Also, who is moaning about a lack of serendipity?

Tim Carmody says…

I was thinking about things like this dumb-ass op-ed, which I think I blogged about here last year.

Tim Carmody says…

In fact, I did blog about said op-ed here last year.

What’s wrong with bringing back the old style of TV in favor of nostalgia. I like watching four random episodes of Saved By The Bell (two normal, and then two College Years episodes on TBS). I’d love to see the Ronald McDonald Christmas commercial where he helps that little kid ice skating.

Hell, you could monetize by running old ads for companies, as TV advertising is little more than brand reinforcement anyways.

Imagine, instead, if you could say, “Show me 8pm on Friday, Autumn 1989”, and BOOM!, you’ve got some Family Matters and Zack the Lego Maniac on your TV.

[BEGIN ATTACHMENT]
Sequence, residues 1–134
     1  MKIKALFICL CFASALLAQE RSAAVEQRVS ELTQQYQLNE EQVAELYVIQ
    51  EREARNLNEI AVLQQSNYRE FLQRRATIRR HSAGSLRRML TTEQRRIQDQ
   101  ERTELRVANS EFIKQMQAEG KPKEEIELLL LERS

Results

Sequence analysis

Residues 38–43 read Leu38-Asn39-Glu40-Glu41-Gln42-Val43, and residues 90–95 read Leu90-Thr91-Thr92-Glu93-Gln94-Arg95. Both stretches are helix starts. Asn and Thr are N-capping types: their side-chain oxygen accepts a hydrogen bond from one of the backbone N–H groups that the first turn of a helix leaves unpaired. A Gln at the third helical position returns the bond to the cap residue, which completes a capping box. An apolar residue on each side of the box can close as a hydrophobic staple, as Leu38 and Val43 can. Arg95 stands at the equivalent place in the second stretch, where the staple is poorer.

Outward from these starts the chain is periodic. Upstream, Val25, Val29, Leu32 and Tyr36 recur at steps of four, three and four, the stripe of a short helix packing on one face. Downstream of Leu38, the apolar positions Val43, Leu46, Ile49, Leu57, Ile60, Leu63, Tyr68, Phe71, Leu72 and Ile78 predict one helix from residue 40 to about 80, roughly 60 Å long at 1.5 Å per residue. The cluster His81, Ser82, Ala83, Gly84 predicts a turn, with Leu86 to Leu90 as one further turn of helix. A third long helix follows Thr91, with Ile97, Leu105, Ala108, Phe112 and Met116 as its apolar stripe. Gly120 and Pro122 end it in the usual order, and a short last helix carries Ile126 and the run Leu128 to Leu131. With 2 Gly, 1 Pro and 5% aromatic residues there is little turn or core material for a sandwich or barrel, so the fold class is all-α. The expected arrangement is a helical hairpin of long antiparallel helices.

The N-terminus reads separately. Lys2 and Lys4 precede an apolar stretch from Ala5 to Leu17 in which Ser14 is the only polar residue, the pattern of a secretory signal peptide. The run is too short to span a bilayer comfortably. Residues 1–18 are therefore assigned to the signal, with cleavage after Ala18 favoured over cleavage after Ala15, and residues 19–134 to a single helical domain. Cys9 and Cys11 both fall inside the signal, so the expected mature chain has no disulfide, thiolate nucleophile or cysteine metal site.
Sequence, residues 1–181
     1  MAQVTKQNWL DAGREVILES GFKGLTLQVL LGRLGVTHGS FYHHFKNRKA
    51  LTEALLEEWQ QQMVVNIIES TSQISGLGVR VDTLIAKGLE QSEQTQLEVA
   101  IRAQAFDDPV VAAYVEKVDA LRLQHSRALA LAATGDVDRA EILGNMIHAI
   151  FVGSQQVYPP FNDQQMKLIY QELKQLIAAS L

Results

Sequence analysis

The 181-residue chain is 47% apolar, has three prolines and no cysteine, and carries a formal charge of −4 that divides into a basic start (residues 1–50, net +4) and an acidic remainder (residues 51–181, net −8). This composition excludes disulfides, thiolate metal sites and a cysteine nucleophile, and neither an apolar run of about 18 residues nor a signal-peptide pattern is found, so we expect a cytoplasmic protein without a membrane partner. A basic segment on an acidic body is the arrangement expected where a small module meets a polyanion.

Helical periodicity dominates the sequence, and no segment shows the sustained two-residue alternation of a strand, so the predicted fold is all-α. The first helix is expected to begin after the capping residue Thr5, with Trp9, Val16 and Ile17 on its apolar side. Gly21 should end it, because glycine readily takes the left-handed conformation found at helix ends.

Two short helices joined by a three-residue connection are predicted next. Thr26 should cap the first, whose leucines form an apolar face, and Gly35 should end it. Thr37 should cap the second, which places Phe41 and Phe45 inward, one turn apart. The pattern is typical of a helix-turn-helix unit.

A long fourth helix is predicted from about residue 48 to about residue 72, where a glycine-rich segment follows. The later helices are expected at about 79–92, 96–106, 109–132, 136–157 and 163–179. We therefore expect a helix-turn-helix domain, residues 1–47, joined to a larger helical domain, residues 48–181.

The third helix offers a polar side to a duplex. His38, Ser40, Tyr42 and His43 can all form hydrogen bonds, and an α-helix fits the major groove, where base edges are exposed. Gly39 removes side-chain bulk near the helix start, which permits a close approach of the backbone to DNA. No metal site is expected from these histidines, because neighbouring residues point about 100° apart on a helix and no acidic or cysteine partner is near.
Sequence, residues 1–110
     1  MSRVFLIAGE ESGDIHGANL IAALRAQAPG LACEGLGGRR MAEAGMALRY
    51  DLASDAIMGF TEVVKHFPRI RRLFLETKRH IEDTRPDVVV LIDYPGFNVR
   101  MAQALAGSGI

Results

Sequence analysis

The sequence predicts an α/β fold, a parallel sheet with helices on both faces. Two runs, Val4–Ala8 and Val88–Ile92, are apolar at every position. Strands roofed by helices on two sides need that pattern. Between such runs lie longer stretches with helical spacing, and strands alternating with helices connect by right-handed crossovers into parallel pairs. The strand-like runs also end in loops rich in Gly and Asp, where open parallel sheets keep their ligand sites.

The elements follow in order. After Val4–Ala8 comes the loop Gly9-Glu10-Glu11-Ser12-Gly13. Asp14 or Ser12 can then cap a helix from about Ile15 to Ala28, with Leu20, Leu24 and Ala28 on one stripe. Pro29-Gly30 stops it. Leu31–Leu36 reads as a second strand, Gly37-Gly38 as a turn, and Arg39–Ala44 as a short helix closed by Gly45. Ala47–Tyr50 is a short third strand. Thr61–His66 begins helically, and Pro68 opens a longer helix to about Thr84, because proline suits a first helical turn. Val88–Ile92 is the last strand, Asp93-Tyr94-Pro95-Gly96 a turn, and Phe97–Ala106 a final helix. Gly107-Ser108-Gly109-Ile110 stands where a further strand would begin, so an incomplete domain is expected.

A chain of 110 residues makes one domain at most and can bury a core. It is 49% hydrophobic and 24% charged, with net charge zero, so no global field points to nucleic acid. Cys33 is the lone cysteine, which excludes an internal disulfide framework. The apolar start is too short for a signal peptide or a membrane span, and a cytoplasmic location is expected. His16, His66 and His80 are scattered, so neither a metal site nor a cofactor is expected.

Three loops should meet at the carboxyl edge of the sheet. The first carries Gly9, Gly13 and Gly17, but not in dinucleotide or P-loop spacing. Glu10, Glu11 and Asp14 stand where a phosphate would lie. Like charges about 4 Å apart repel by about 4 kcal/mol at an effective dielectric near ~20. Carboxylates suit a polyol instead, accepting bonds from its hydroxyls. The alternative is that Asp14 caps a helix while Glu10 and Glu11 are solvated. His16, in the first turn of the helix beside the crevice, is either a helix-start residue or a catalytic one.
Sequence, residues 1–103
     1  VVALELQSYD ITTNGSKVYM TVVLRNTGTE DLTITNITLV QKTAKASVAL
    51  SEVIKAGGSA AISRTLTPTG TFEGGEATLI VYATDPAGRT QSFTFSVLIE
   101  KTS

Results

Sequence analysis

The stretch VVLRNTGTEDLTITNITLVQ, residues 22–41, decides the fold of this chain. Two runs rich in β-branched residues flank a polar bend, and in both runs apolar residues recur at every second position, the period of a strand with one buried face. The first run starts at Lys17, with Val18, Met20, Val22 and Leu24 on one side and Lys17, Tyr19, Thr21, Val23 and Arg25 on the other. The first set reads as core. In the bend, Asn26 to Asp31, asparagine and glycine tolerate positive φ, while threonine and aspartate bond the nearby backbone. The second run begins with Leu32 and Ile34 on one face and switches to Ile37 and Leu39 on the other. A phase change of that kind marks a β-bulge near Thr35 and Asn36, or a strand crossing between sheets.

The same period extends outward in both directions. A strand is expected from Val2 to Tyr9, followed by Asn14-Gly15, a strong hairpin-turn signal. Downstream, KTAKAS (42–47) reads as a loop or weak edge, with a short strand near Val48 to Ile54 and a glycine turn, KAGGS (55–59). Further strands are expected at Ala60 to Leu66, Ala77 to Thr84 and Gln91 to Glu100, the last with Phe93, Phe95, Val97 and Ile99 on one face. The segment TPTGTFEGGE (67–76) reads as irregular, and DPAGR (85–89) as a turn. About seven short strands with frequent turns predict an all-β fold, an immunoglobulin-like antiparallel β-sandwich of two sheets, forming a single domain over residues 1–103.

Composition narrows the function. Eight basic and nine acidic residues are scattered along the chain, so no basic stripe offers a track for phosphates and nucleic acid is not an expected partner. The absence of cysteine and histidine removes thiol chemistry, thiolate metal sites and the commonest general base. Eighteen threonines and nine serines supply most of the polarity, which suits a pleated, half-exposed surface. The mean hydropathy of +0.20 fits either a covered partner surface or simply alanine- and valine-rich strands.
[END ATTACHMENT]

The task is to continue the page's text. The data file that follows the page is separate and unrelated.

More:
One could even piece together old VHS tapes purchased en masse on eBay.

A few Christmases ago, we whipped up something to emulate the idea:

Fun! But while showing Simpsons episodes all day long seems like a positive thing, I wonder if advertisers would find as much value in the consumers watching Treehouse of Horror XIII at 11:30 a.m. on a weekday…

So how about a schedule? Run the demographic data and figure out how to match the timing with the market — there’s a reason the Simpsons runs in that time slot in syndication, because college kids and twentysomething slackers in the target market don’t watch local news over dinner.

Shawshank Redemption, OTOH, is an anytime snack.

I don’t know if a 24 hr Simpsons channel with a fixed schedule is a bad idea, but it’s a very different idea. I think TiVo and TV on the web have generally been oriented against the “best-time-for-most-people” model in favor of the “right time for me” model. I mean, who says I don’t want to watch “Treehouse of Horror” at 10 am? If I don’t, I just hit “try again.”